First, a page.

Daniel Vogelbach, Jeff McNeil, Edwin Díaz key to Mets win

Anthony DiComo

By Anthony DiComo

NEW YORK — One could see fairly clearly, during various points of the Mets’ 4-3 win over the Pirates on Friday night, how this might all look in October. A strong starting pitching performance. A home run and a hit-and-run. Pinch-runner Terrance Gore stealing a base in a key spot. Edwin Díaz locking down a five-out save.

If the Mets hope not only to earn a playoff spot, but also to advance deep into the playoffs, they will need those types of contributions — the little ones, the important ones — more often than not. And they will need them against some of the National League’s best teams.

Though the Pirates may not meet that qualifier, Pittsburgh did present enough of a challenge for Friday’s win to remain competitive until the end, with quite a few moments of import at Citi Field.

The Mets were already leading by a run in the fourth inning when Daniel Vogelbach stepped to the plate and launched an opposite-field homer over the fence in left-center. It was the first home run since Aug. 22 for Vogelbach, who went 54 plate appearances between them.
When the Mets acquired Vogelbach and Darin Ruf before the Aug. 2 Trade Deadline, they envisioned those two forming a potent enough platoon to rival some of the better designated hitters in the game. For a short while, their vision was realized, until both Vogelbach and Ruf fell into deep slumps in late August.
Recently, though, Vogelbach has re-emerged, racking up three hits, two extra-base hits and four RBIs over his last two games against his ex-team, the Pirates. It’s not a large enough sample size to proclaim Vogelbach, er, back, but it’s certainly enough to give the Mets hope.
“Hitting’s hard,” Vogelbach said. “I wish I would have had 20 homers over the last three weeks. You always can learn from the good, but you really can learn from the bad.”

When the Mets ask Jeff McNeil to play right field, he says, there’s a brief adjustment period — particularly at Citi, which features one of the quirkier wall alignments in the game. But anyone who watched McNeil on Friday would have a tough time believing it’s not his natural position.
With two men on base in the fifth inning of a one-run game, Oneil Cruz hit a high fly ball that didn’t initially appear destined for the seats, but that eventually pushed McNeil onto the warning track. As the ball threatened to carry right over McNeil’s head, he leapt to snare it, letting loose a little emotion as he did.

“In the beginning, I thought it was just a fly ball,” Cruz said. “I saw that it kept continuing to travel, and then right away, I was like, ‘Oh man, that might be going out.’ When I saw him snatch it, I was like, ‘Man, just a little bit more and I would have been able to get a home run off of that.’”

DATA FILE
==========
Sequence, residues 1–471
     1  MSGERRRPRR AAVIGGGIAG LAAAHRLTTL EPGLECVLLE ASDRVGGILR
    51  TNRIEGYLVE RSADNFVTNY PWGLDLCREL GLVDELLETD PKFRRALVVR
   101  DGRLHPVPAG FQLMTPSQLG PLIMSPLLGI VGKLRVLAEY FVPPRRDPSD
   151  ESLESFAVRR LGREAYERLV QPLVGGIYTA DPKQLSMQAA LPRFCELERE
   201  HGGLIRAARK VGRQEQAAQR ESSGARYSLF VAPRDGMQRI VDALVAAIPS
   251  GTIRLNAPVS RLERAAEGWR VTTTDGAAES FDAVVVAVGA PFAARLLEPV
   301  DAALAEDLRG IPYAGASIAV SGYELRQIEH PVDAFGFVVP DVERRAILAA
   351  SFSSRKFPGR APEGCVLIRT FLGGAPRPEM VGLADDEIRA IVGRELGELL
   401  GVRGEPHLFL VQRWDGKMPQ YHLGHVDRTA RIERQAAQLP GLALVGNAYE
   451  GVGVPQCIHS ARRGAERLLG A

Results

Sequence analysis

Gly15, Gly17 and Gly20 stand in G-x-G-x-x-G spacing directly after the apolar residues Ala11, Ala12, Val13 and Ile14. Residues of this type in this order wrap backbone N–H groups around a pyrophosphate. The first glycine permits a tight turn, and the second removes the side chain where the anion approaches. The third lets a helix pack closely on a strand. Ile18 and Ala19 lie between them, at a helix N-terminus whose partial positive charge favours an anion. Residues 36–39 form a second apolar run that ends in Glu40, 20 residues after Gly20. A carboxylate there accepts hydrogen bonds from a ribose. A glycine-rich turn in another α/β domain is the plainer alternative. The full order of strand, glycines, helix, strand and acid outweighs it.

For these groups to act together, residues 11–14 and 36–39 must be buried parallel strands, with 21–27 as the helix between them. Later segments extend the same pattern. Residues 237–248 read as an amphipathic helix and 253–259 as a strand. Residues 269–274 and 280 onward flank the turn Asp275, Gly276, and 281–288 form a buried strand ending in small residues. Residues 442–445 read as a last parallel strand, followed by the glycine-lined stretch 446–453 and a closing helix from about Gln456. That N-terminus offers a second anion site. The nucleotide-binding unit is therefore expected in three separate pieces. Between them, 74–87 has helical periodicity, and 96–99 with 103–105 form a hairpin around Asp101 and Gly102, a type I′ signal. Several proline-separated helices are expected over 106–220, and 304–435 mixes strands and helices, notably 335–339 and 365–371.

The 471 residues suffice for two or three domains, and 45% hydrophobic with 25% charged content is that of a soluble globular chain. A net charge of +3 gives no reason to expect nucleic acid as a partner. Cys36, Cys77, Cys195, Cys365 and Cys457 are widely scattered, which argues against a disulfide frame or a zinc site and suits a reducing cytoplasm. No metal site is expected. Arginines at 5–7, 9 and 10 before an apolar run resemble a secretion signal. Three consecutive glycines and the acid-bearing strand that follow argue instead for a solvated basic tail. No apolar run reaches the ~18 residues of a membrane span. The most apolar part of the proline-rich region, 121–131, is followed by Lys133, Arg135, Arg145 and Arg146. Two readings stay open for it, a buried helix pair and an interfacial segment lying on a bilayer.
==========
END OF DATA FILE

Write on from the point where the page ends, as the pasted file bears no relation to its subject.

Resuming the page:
It was not McNeil’s only notable catch. On the final play of the game, Cal Mitchell hit a similar shot to right, where McNeil had a somewhat easier time settling underneath it. Although Díaz thought the latter ball might be gone off the bat, McNeil corralled it without issue.
“The outfield for me is really fun,” said McNeil, a natural second baseman. “The ball goes in the air, I go catch it. That’s all there really is to it.”

Because the Mets had spent the previous two weeks vacillating between losses and blowout wins, Díaz had not seen a save chance in more than a fortnight when he relieved Mets starter Taijuan Walker with one out in the eighth after Cruz had hit a two-run homer.

Díaz, who is becoming accustomed to multi-inning save chances, faced no trouble for the rest of that inning. But in the ninth, after he issued a leadoff walk, pinch-runner Greg Allen appeared to steal second base. Only after consulting replay did umpires realize Luis Guillorme had blocked the base with his leg, buying himself enough time to grab Tomás Nido’s throw and tag Allen.

“I knew if I gave Guillorme a good shot of making a tag, that it was going to be very close,” Nido said. “I’m not surprised though that he was able to get the out.”

Moments later, Díaz nailed down the final two outs to conclude the Mets’ second consecutive win, dropping their magic number to clinch a playoff spot to 5.

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